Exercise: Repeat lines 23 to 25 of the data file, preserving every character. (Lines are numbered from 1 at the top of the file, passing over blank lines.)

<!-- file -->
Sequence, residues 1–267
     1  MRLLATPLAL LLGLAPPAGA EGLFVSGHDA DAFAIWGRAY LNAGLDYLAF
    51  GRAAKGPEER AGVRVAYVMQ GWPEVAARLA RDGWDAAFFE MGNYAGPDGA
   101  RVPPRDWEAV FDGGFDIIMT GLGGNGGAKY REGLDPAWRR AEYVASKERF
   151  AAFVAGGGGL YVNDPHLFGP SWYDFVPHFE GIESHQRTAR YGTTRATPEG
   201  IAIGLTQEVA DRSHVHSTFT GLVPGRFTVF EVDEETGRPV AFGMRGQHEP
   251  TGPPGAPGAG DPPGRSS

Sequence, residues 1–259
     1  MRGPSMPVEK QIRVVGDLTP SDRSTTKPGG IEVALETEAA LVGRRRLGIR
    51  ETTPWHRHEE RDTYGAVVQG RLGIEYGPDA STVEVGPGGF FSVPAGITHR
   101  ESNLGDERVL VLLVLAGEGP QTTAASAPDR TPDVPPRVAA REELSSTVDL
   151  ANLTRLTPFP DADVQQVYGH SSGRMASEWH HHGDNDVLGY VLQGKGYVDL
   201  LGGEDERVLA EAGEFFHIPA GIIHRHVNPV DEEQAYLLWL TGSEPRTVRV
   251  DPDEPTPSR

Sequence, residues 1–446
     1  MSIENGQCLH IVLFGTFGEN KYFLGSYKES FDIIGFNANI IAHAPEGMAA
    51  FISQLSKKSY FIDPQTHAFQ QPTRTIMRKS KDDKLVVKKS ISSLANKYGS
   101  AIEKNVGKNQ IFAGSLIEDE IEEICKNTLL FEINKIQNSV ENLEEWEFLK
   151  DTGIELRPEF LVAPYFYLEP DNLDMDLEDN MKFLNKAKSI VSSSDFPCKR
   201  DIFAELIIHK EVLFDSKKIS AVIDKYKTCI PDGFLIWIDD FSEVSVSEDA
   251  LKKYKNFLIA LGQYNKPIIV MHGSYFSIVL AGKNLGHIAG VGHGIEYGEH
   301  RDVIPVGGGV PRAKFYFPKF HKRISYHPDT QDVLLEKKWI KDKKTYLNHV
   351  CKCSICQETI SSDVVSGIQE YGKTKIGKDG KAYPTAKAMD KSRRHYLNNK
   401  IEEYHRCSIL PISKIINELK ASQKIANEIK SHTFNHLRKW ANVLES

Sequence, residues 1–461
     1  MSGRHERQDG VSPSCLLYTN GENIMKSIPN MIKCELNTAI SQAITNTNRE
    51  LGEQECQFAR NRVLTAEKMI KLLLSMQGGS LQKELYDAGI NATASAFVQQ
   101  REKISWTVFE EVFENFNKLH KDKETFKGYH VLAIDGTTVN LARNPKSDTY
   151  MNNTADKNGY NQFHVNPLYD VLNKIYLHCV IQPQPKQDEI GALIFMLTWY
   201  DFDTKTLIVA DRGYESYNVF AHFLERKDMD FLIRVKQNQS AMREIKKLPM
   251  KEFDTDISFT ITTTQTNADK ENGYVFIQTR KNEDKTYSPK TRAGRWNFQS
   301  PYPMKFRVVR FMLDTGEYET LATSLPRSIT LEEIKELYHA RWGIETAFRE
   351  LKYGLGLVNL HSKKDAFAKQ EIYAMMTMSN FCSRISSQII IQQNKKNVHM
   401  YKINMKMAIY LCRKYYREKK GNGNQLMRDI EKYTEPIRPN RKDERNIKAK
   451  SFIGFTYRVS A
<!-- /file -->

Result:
   351  CKCSICQETI SSDVVSGIQE YGKTKIGKDG KAYPTAKAMD KSRRHYLNNK
   401  IEEYHRCSIL PISKIINELK ASQKIANEIK SHTFNHLRKW ANVLES

Sequence, residues 1–461